Nestlé donates personal protective equipment to frontline workers in Ethiopia

ETHIOPIA – Nestlé has donated Personal Protective Equipment (PPE) to the Ministry of Health of Ethiopia worth Birr 346,857 (US$10,000), contributing to the personal safety and well-being of health care workers and physicians in the front-line combating COVID 19.

According to the company’s press-release, the donation which includes 500 scrubs and 500 rubber boots, will be distributed to two Corona treatment centers in the country.

Personal Protective Equipment (PPE) are an integral tool in reducing the risk of COVID-19 exposure among medical professionals.

Due to the rapid increase of COVID-19 cases across the country, PPEs are in high demand and supplies are dwindling in many hospitals – especially in communities hit hardest by the fast-spreading virus.

“Given the growing shortages of personal protective equipment (PPE) in medical facilities across the country, we have an opportunity and an obligation to help to ensure the safety of our health workers as they continue to dedicate themselves in managing the pandemic,” stated Wossenyeleh Shiferaw, Nestlé Horn of Africa Cluster Manager.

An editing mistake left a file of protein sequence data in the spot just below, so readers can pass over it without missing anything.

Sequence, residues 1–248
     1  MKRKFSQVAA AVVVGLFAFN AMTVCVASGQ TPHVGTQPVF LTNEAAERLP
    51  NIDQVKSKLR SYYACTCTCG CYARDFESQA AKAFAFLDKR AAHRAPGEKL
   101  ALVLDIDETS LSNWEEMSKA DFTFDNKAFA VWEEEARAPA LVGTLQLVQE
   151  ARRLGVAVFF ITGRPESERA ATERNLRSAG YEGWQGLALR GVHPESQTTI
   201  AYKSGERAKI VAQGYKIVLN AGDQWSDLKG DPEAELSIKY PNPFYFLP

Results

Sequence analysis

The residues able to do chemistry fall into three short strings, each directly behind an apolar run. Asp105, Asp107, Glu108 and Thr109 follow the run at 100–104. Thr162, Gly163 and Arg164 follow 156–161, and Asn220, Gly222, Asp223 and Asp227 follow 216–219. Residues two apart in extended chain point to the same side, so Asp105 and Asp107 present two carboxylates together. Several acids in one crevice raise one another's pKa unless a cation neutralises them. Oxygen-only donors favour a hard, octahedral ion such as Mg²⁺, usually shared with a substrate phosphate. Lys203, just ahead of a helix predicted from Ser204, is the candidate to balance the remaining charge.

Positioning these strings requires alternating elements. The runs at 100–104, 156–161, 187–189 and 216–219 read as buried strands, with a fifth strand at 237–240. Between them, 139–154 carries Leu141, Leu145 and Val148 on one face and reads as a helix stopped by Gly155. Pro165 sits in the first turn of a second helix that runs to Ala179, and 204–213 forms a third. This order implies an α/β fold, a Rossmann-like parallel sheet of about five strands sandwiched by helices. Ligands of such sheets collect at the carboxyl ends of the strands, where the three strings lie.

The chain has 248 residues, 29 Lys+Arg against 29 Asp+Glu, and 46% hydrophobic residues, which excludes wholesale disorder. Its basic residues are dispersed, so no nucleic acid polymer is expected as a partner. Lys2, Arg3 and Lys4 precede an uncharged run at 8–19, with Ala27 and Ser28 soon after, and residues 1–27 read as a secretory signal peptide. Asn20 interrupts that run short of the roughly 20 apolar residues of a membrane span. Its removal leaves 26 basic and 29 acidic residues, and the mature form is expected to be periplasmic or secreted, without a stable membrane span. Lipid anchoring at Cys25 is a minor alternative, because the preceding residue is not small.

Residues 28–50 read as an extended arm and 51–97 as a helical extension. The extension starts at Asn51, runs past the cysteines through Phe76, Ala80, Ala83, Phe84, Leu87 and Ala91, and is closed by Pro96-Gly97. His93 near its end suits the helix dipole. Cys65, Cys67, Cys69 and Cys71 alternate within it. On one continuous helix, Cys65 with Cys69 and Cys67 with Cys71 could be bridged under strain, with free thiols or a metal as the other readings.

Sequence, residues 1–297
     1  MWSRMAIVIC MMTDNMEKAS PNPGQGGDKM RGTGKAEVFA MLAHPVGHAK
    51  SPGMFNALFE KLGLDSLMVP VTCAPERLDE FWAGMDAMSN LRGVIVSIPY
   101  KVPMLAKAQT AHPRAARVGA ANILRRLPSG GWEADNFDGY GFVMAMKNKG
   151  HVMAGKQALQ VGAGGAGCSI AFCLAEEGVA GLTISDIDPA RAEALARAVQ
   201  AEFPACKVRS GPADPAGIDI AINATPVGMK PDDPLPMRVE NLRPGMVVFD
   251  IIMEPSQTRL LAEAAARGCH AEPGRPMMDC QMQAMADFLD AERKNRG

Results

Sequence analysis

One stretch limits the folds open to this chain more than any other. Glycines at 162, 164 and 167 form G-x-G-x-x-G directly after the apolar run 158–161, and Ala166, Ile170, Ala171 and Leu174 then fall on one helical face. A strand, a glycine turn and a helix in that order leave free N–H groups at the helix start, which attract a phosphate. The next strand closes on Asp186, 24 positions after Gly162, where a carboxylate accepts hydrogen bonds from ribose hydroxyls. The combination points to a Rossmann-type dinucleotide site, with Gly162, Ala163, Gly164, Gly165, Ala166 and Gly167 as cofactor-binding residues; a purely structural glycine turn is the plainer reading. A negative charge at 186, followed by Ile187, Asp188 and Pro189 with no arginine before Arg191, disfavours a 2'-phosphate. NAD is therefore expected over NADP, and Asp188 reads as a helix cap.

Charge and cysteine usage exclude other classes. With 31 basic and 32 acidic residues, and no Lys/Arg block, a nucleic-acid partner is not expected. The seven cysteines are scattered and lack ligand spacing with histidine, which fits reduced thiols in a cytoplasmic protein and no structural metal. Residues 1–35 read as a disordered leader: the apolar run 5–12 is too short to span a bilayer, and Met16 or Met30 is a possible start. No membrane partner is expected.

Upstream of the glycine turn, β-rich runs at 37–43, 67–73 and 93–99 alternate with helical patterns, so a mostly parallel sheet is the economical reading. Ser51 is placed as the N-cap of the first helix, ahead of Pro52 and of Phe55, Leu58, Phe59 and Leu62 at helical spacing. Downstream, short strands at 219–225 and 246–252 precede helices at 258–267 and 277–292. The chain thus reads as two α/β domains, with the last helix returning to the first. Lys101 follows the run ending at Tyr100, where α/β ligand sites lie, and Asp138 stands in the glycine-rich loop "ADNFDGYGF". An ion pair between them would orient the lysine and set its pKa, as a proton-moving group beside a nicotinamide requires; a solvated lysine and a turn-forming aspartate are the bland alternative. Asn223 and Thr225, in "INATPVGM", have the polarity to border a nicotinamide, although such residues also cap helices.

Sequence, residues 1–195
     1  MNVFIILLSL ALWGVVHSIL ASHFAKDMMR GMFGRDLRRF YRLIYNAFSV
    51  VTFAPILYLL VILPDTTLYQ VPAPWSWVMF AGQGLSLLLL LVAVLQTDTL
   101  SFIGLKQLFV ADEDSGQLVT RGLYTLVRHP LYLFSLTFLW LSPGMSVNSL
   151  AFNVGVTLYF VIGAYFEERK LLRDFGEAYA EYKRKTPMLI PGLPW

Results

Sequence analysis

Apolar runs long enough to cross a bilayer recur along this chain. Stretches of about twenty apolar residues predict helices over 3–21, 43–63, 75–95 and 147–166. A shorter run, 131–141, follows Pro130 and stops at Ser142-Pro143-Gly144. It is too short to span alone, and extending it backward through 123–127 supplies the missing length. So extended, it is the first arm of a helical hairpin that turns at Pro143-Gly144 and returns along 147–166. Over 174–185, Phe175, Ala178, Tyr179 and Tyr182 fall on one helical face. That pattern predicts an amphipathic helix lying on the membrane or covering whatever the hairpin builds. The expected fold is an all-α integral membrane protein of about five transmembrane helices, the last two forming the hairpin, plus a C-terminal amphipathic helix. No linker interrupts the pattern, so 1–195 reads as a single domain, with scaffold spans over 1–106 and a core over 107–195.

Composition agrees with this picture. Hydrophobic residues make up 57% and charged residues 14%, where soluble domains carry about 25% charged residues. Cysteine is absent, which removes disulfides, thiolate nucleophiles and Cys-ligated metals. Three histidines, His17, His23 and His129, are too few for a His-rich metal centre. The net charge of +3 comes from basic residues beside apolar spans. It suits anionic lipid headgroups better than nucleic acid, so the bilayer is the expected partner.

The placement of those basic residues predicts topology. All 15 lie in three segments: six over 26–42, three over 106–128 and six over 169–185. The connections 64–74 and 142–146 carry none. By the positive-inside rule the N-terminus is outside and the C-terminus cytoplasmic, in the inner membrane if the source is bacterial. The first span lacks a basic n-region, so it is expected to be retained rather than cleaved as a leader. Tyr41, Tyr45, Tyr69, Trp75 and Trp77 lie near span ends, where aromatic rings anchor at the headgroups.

Adding, “We are proud to partner with the Ministry of Health on this important initiative, and to thank and support all the brave, selfless, and steadfast doctors, nurses, and healthcare workers on the front lines fighting against COVID-19.”

Nestlé is one of Ethiopia’s corporate institutions that have stepped in to support the government and Ethiopians in managing the effects of the Covid-19 pandemic. Others include PepsiCo and Heineken.

Nestlé Ethiopia was established in 2006 in Addis Ababa, Ethiopia. It also serves as the headquarters of Nestlé Horn of Africa (HoA) Cluster.

The cluster oversees market development activities across Djibouti, Eritrea, Ethiopia, and Somalia markets. It imports and distributes multiple brands and categories through its local distribution partners.

Other than Ethiopia, Nestlé has donated two ventilators to the Infectious and Tropical Disease Service unit of the Treichville University Hospital, where critical COVID-19 patients are referred to in Côte d’Ivoire.

This was in addition to the company donating medical equipment to hospitals in Burkina Faso, Ghana and Senegal.

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